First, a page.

I was there!

Jimmy Walker from Sorbie took part in the Queen's Coronation when doing his national service in 1953.
Jimmy Walker from Sorbie took part in the Queen's Coronation when doing his national service in 1953.

Two people living locally have fond memories of the Queen’s Coronation which took place 60 years ago last Sunday.

One because he took park in the actual ceremony and another because she wrote a poem about it for her school magazine!

Seventy-nine-year old Jimmy Walker from The Siding, Sorbie was doing his National Service in the Air Force at the time.

He was one of two members of his unit, based near Aberdeen, selected to march with the armed forces from Buckingham Palace to Westminster Abbey and back on the big day - June 2, 1953.

As a fresh-faced farm boy from rural Wigtownshire, Jimmy took the day in his stride and his clearest memory was seeing his auntie Jean standing on a pavement on the route shouting “Jimmy, Jimmy!” at the top of her voice.

He recalls: “What I remember about the day was we were wet, then dry, then wet again and by the time we were finished we were dry again! But we never saw the Queen, as she left the Palace after us and she was back there before us!

“We travelled down to Earl’s Court the night before and stayed there the night of the Coronation too. We had lots of drill practice to do beforehand to get it right.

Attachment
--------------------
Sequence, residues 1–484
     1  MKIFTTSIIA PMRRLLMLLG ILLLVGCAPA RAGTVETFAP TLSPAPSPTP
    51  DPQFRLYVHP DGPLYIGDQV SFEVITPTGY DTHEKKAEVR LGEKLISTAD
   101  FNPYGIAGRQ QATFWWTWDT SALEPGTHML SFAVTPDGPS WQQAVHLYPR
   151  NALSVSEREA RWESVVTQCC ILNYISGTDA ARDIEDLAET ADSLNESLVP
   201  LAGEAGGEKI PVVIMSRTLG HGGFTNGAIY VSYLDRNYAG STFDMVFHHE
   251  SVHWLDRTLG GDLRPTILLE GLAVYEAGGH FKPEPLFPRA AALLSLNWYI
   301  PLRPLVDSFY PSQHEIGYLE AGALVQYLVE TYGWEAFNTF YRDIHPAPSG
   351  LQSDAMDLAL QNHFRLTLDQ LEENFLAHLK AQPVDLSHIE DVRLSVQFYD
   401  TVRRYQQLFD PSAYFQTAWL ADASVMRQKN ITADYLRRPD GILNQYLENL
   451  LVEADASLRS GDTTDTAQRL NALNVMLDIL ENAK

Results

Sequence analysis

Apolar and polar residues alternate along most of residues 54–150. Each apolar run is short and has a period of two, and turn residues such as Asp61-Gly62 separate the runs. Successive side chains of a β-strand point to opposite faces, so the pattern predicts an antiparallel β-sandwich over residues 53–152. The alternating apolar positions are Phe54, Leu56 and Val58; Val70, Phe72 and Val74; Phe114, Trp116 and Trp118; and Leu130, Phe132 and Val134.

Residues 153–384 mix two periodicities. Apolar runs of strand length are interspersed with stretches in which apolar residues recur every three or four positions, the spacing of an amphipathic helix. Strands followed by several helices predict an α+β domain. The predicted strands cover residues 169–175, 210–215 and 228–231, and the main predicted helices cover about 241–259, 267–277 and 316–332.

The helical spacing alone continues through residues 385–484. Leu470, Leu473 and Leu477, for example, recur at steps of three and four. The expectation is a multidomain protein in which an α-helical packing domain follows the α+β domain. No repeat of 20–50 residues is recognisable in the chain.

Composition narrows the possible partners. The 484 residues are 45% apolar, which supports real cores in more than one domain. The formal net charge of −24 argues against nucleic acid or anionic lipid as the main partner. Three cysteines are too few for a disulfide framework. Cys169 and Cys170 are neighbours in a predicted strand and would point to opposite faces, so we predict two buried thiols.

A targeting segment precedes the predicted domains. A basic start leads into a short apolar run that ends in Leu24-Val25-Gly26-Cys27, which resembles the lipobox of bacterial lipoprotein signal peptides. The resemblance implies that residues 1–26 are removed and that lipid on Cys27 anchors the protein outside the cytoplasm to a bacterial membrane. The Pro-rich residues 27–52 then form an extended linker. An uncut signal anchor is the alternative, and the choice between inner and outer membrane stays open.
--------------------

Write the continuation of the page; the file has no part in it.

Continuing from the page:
“On the day the noise in the streets of London was terrific and we had to march to two or three bands all playing different tunes but we all managed to keep the same time thankfully!

“When the Queen visited Scotland after the Coronation I was involved again. We escorted her through the streets of Glasgow and Edinburgh. We had to line the route on the Royal Mile and as the procession went past, I remember looking down as the huge feet of the horses were missing our toes by millimetres!”

Meanwhile, back in Newton Stewart Douglas Ewart High School pupil Lucy Muir (now Owen) was so inspired by witnessing the pomp and grandeur of the Coronation she composed the following poem for the school magazine:

The Second of June

“We’ve waited for more than a year,

The time has dragged slowly past,

But now all the folks give a cheer

The great day has come at last.

The palace gates are pulled open,

Slowly the coach moves through,

Just cheers not word is spoken,

As our Young Queen comes to view.

Smiling and happy she sits there

Sometimes giving a wave,

As she passes the people who love her,

The woman so lovely and brave.

After the long, tiring service,

Which we all wish we had seen,

She returns past the crowds on the terrace,

Amid shouts of “God Save the Queen”.